But the most widespread kind of landscape is the second type in the evolved landscaped continuing landscapes which retain an active social role in contemporary society associated with traditional ways of life, and where the evolutionary process is still in progress, and whether this significant material evidence of its evolution over time. And the third category of the associative cultural landscapes is justifiable by virtue of the powerful religious, artistic, or cultural associations of the natural element rather than the material cultural evidence. Here I use famous Australia example Uluru, the aboriginal place of Uluru, and associated with the aboriginal art of dot painting, in which the dots would put on represent the landscape.
And it’s like looking out of a plane window down onto the landscape.
Their critical to the 1990s movement the were 1960s and 1970s scholarly writings of cultural geographer, such as David Lowenthal, Peirce Lewis, Donald Manning, J.B. Jackson with his inimitable essays on the everyday American scene, Dennis Cosgrove in Britain, and J.N Jennings in Australia. They built on the late 19th century German tradition of a man called Otto Shooter, who was also a geographer. And he coined the term made the word “culture launcher”, which is German for cultural landscape where he saw landscape morphology, the shape of the landscape out there,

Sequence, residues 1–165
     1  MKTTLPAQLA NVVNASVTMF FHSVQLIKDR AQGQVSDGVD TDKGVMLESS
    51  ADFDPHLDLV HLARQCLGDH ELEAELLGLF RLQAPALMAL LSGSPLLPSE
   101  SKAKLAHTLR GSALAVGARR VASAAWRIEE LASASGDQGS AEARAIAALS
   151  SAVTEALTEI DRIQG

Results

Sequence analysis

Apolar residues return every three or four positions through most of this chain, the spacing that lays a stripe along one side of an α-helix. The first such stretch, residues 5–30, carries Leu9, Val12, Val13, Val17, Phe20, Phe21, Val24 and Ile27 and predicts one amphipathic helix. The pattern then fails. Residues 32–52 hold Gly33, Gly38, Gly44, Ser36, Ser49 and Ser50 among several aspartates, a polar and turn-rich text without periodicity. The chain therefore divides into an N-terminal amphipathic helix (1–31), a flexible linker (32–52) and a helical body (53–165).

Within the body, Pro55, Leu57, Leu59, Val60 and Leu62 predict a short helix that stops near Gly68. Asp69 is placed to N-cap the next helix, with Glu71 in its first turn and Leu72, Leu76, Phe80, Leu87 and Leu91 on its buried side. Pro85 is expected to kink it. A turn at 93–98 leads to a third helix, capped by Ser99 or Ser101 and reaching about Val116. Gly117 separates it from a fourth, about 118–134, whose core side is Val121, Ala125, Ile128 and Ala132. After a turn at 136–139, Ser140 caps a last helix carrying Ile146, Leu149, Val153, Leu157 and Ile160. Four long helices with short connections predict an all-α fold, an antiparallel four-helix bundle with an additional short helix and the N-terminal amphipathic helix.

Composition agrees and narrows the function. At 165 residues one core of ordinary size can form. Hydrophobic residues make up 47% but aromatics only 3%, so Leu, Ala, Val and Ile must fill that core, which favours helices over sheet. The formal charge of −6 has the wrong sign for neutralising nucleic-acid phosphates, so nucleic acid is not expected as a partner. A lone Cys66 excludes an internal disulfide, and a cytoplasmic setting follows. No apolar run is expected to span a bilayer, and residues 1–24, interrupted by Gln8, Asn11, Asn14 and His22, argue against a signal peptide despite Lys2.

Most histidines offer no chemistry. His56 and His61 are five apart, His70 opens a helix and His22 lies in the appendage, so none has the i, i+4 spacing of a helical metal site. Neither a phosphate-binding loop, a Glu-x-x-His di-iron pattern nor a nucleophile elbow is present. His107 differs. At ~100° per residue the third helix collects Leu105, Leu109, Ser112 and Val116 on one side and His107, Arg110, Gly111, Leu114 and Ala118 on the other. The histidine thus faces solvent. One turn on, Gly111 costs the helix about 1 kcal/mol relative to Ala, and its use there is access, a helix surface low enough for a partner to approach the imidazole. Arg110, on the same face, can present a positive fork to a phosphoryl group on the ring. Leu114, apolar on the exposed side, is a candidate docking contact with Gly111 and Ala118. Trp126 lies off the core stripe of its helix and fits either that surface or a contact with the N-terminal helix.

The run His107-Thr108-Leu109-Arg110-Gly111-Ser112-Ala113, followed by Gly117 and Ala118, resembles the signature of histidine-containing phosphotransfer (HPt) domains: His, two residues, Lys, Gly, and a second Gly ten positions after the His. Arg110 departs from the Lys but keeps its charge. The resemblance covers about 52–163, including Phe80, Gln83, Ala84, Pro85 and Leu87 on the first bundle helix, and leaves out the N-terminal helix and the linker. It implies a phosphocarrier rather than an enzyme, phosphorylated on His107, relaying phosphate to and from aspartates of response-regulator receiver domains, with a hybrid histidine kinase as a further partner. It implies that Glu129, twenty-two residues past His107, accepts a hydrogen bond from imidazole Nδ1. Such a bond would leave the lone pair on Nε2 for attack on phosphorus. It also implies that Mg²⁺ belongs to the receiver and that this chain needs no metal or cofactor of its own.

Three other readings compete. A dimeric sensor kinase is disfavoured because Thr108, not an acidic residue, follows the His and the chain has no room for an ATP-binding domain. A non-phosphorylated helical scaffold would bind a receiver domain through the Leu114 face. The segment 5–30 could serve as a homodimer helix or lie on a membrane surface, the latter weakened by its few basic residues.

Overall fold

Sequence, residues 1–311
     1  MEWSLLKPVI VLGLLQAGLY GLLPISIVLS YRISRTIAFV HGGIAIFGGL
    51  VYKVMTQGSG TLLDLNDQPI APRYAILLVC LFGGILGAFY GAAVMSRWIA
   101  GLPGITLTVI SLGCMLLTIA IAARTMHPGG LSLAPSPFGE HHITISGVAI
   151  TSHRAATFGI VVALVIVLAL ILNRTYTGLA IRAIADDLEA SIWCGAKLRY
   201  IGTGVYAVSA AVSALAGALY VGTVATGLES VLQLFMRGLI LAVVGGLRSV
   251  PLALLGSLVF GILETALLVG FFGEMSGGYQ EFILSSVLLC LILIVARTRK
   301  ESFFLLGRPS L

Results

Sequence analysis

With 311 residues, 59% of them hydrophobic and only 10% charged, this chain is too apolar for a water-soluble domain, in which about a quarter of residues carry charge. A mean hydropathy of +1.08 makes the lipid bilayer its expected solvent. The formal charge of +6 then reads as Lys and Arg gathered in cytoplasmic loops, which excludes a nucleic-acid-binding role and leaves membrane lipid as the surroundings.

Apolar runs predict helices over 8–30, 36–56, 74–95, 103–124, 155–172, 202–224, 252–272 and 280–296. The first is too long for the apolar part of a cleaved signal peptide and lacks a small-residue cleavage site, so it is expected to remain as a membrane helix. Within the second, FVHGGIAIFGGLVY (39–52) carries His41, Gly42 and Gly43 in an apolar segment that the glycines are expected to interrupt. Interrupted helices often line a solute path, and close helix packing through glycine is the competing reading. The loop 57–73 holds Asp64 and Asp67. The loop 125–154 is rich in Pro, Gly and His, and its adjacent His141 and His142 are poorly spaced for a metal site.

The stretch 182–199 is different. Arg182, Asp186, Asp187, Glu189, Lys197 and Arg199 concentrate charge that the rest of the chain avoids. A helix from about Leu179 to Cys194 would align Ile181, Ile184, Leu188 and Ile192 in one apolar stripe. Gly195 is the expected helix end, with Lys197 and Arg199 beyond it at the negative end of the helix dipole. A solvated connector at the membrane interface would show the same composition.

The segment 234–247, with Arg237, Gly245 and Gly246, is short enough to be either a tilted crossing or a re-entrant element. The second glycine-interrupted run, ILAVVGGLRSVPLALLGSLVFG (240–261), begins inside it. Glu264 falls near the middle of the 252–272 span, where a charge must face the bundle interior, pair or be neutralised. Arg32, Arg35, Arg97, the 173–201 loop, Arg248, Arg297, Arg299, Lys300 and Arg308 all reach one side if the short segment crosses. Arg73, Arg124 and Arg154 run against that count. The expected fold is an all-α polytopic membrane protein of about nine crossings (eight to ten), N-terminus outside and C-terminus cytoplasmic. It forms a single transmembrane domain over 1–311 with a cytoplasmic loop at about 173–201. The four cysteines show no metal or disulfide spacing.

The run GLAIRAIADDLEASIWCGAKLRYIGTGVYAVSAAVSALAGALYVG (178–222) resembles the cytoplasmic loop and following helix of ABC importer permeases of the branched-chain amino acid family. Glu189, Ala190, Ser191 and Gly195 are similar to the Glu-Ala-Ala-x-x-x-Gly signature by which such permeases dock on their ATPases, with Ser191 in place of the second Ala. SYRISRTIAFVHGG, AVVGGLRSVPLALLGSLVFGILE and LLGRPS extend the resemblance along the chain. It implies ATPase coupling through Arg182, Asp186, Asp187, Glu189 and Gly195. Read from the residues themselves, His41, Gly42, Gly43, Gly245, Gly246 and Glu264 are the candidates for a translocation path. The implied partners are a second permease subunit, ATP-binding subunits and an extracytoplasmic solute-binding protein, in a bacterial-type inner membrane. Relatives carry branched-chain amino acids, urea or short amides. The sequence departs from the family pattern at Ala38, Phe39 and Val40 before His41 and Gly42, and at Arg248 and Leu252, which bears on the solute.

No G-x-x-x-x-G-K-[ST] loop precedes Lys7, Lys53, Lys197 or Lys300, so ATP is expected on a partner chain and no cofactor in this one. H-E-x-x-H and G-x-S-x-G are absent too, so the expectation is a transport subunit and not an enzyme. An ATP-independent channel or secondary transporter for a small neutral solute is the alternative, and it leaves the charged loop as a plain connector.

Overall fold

as a result of culture, it’s a cultural outcome. And round about the same time, there’s another German, who’s both an anthropologist and a geographer, Franz Boas, who championed the idea that different cultures adjusted to similar environments. And he taught what we called the historic mode of conceptualizing environment. In other words, you need to look at the history of the place. He argued that it was important to understand cultural traits of societies, their behaviors, their beliefs, and their symbols, and the necessity of examining these in their local context.